Only Watch, the charity auction organised to help research into myopathies, gives watchmakers an opportunity to produce a unique model with a strong power of attraction with the aim of raising as much money for the cause as possible. So, on 11 November in Geneva, Louis Moinet will be giving bidders a chance to acquire a watch with an unusual personality, the Metropolis Only Watch. Its name takes us on a journey to the world of the imagination, the world of cinema. But the brand’s aim is to help us travel to the moon of our childhood. The watch embodies an artistic vision of the Earth’s satellite. The dial is the visible side of the moon while the back shows the dark, hidden side.

louis moinet metropolis only watch 2017 caseback

On the back of the 43.2mm case of the Metropolis Only Watch, we can see the rotor decorated with a concentric Clous de Paris pattern and a fragment from a moon meteorite adorning the LM31 movement. This self-winding mechanical calibre is certified by the COSC and was first used on the Mecanograph model released in 2014. It provides 48 hours of power reserve.

Estimation: 17,000 CHF – 27,000 CHF

By Dan Diaconu

louis moinet memoris red eclipse draws



With a never-before-seen movement designed specifically for the chronograph, the Memoris Red Eclipse is no summer blockbuster; it’s an arthouse epic.

A complication is often overshadowed by the hours and minutes on the dial. The supporting role means it’s rarely in the spotlight despite the inherent difficulty in making it. With the Memoris Red Eclipse, Louis Moinet gives the chronograph the leading role and the hours and minutes are accessories. The stage is set with mastery. The skeleton dial gives glimpses solely of the complication’s cogs. The script began on a blank page to design a movement whose chronograph part wouldn’t be your usual additional module. It took 302 components to make the LM54 (4 Hz) calibre function perfectly. They’re not all bit parts! Just over 60 of them were designed for the chronograph to perform on its own plate forming the main set. Stars illuminate this translucent blue stage like spotlights on a Hollywood film set at night.

louis moinet memoris red eclipse draws

By Dan Diaconu

louis moinet black gold derrick closeup



A new edition made by Louis Moinet and limited to 28 pieces includes a tourbillon movement driving a kinetic visual effect and a unique second display.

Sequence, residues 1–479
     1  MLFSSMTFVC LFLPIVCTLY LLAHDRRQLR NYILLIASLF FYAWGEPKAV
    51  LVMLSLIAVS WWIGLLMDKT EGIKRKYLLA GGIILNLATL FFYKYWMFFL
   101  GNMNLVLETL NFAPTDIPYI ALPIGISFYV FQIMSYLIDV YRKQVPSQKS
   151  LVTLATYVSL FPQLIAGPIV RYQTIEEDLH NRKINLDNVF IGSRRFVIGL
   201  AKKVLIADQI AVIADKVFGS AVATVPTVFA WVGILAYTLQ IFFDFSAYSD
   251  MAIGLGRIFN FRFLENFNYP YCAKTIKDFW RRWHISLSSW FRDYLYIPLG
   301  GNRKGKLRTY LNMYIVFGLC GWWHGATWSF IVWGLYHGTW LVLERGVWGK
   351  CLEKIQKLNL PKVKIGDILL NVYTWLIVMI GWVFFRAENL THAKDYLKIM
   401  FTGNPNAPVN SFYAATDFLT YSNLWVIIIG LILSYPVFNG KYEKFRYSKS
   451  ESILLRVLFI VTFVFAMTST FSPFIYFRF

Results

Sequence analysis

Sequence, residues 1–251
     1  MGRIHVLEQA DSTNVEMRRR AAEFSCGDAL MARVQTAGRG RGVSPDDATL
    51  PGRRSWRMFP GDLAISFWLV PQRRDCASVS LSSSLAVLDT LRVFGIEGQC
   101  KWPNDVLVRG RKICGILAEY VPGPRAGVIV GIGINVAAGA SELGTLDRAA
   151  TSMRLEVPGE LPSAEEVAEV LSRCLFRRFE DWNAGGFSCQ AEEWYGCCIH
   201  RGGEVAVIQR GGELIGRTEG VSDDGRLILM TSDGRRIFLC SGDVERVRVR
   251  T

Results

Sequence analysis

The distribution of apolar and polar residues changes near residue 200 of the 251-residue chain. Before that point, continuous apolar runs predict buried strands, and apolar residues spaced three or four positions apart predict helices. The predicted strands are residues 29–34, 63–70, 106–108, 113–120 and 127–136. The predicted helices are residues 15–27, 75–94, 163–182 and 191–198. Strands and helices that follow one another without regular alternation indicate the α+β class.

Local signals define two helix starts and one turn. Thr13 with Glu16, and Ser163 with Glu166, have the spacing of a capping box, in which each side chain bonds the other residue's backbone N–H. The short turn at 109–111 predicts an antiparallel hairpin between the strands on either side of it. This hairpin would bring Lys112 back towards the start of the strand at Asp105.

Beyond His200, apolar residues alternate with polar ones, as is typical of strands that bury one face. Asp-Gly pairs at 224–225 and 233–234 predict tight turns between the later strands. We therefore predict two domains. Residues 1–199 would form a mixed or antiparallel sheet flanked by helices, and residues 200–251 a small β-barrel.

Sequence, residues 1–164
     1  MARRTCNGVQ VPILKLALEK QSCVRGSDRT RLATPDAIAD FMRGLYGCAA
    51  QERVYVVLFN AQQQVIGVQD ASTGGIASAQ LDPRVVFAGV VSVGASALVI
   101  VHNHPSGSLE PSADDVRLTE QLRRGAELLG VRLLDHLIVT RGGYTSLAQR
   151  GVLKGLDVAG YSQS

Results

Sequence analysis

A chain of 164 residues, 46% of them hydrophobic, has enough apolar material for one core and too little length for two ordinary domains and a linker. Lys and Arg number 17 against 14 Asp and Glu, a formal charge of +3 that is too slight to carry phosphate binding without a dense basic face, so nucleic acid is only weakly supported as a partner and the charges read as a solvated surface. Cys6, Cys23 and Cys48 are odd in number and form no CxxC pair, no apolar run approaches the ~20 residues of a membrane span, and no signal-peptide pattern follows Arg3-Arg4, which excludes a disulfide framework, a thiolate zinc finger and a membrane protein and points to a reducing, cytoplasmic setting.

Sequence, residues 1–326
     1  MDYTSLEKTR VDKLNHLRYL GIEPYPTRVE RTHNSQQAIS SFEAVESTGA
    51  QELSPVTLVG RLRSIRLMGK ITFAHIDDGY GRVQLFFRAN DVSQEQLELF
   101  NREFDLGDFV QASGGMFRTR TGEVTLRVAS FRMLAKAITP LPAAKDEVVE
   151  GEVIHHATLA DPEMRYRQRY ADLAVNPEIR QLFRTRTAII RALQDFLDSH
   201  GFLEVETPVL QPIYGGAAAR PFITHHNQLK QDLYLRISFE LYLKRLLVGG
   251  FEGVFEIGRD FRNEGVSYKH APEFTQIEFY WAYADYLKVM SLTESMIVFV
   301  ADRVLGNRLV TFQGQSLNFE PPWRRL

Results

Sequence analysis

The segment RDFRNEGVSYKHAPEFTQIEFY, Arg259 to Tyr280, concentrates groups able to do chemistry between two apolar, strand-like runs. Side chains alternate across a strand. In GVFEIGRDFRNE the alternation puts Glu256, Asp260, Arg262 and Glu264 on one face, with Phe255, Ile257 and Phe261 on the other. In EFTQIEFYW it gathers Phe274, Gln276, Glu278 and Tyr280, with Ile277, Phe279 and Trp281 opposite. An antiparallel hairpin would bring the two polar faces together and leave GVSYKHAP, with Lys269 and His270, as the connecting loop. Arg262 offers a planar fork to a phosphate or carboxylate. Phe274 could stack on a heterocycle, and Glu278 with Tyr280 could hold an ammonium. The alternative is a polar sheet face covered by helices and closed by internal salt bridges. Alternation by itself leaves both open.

In 2013, Louis Moinet unveiled the surprising Derrick Tourbillon watch. What was original about it? It was a device representing a derrick used to extract crude oil, and which moved for as long as the watch worked. You just needed to recharge it with non-polluting mechanical energy for it to start up again. With the Black Gold Derrick, the mechanism has kept the same spirit linked to the world of oil-drilling, while pushing creativity a little bit further. The dial again features a long articulated arm with its “head” at the left-hand end, creating the visual identity of the oil-extracting tool. The mechanic architecture is rounded off by a titanium barrel located at 9 o’clock. Louis Moinet has given the permanently rotating barrel the task of marking the seconds. They can be read at the bottom of the barrel, on a red engraved seconds track.

louis moinet black gold derrick closeup

“Black gold” flows symbolically across the dial. The bridges have been coated with black PVD. They are open-worked, unveiling the mechanism and the barrel spring with its traditional finishes, characteristic of fine watchmaking. The numerous acute angles are all hand-finished. Also to be seen is a pearled decor on the plate and slender lines on the bridges.

The calibre and tourbillon provide the Black Gold Derrick with a healthy power reserve of 3 days. The watch is housed in a white gold case, christened Neo by Louis Moinet, and features the 6-screw bezel that has become the firm’s trade mark. The open-work lugs are fitted to an elegant leather strap.

Price: 260,000 CHF

By Dan Diaconu